DS: Well, I entered it in the quilt show a couple of years ago and I did get an award on it at the quilt show so I was happy about that. Basically I think it's just [going to.] keep decorating the room.

PC: What kind of award did you win with this quilt?

DS: It was one of the top three ribbon winners in its category but actually, at this point, I don't remember what it was and I didn't happen to look it up. I think it was maybe second place.

PC: In the size of the quilt? So it didn't get like a special award like for quilting or anything like that; it was like actually a second place in the quilt size?

DS: I can't really remember.

PC: But you know it got an award?

DS: Yes, it got an award.

PC: Well, it's a very beautiful quilt. Tell me about your interest in quilt making?

DS: Well, for years, I had a friend that quilted all the time and she just loved it and I did every other craft forever and didn't start quilting. And then finally I was always interested in every kind of craft there is and I got to watching the quilt shows on TV, and one Christmas they were doing a--Eleanor Burns was doing a Log Cabin quilt and I thought it was a Christmas wreath, and I thought, 'Well, I can do that.' But these were awful tiny strips and so I thought, 'I'll make mine a little bigger.' Well, what was supposed to be a wall hanging turned out to be a lap-size quilt because I made my logs so big but that kind of got me started. And then visiting with my friend, I started doing some more quilting and I turned out to like it. And once you start quilting, you're hooked.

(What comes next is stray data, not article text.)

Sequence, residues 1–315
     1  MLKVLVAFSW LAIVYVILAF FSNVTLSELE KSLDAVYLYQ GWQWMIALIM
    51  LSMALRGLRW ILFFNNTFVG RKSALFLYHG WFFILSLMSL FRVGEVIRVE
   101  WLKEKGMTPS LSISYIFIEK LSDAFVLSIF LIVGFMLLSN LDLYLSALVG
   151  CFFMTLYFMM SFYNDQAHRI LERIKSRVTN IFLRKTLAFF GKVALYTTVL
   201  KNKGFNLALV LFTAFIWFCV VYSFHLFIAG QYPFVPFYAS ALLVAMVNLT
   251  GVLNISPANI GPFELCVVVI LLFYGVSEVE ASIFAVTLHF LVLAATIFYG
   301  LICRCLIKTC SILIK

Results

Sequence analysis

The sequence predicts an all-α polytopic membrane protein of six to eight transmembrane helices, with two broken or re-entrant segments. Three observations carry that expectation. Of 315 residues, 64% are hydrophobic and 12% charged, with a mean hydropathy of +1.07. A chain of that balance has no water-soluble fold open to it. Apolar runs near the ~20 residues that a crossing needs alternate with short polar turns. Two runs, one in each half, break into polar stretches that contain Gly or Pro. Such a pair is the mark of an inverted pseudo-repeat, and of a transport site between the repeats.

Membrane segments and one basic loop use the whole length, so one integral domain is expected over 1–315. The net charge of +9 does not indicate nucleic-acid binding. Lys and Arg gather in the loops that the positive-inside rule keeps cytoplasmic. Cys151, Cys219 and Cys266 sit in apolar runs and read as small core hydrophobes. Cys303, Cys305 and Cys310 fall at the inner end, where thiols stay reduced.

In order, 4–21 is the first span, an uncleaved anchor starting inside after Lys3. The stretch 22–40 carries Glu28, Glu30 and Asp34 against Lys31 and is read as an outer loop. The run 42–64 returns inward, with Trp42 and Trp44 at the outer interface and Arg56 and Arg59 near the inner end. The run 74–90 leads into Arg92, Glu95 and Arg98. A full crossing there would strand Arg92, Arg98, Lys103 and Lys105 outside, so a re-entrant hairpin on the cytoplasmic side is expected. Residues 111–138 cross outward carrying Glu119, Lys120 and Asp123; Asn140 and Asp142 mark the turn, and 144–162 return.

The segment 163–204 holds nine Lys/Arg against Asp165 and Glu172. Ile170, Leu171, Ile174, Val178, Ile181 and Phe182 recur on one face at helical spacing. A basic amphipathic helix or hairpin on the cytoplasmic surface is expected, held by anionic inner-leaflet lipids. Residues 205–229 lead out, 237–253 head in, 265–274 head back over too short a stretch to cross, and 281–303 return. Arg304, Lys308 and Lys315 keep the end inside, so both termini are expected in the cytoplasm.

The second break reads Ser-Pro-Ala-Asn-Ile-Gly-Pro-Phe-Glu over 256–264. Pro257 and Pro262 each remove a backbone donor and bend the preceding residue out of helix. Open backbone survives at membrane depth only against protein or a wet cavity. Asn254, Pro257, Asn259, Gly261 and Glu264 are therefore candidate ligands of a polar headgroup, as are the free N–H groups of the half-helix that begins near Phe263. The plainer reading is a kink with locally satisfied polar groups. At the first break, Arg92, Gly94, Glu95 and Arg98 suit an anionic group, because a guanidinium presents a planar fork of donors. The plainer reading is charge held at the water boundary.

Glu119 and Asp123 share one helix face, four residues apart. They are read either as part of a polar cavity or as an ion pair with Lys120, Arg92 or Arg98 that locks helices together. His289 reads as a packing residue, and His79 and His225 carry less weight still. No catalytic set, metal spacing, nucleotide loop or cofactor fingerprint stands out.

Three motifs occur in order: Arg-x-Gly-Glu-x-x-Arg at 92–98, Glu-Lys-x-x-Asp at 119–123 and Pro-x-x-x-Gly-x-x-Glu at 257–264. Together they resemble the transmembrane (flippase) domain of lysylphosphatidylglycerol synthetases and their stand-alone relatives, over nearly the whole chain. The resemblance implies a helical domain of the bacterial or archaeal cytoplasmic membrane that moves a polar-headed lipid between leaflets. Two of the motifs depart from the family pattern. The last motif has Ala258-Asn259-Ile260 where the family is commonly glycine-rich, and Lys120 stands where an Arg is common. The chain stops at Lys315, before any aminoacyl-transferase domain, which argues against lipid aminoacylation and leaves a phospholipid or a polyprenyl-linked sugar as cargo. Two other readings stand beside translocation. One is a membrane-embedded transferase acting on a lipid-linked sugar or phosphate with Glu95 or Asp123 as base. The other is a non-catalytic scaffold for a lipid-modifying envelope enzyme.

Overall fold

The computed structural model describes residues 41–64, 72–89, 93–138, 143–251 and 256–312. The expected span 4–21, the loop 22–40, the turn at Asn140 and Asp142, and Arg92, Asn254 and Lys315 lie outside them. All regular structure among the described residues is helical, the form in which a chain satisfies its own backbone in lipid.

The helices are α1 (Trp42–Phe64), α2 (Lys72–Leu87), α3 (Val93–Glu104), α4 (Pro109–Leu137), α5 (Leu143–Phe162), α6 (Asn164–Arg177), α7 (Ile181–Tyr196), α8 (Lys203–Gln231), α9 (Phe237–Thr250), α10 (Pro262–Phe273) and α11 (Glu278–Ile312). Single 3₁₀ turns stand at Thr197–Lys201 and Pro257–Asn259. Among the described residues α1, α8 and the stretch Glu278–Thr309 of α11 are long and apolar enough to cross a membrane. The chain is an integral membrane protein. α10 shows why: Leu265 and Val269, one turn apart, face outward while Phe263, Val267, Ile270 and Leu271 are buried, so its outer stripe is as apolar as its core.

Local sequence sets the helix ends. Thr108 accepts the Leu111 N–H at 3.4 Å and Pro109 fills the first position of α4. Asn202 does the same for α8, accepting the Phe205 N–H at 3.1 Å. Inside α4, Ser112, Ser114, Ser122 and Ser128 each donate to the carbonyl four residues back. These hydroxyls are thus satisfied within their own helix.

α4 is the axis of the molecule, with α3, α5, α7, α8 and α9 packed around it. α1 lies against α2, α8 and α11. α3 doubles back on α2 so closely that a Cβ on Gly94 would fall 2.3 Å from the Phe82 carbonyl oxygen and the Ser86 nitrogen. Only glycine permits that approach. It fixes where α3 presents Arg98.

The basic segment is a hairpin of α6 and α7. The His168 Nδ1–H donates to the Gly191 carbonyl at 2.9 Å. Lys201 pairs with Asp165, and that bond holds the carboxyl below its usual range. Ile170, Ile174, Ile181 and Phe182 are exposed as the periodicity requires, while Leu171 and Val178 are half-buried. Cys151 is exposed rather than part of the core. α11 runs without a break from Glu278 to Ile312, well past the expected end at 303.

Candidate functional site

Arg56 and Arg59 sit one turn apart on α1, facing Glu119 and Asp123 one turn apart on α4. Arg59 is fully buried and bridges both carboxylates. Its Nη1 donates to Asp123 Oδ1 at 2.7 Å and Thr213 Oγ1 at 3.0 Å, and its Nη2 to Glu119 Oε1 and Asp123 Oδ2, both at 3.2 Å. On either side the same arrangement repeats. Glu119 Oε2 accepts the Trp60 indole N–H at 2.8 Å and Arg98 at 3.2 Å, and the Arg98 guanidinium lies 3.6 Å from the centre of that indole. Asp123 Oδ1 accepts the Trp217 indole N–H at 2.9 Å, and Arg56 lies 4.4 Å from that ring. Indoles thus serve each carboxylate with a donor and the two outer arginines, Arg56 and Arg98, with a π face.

PC: At what age do you think you were when you started quilt making?

DS: Probably, oh, late fifties. Wait, no, late forties. I've been quilting for about fifteen years.

PC: You just have to be a natural at it because your quilting is so beautiful.

DS: Thank you.

PC: So you said you learned to quilt then, starting out, from Eleanor Burns?

DS: And [Marianne.] Fons and [Liz.] Porter and Quilting From The Heartland [company owned by Shar Jorgenson.], I remember watching that, too.

PC: Did your friend help you? Did she show you any techniques or help you to get started too?

DS: Yes, yes, she did. She helped me pick out fabrics sometimes and could answer any questions that I had about quilting, although we had different styles. I quilt by machine and she was a big hand quilter and loved hand quilting, which isn't my thing.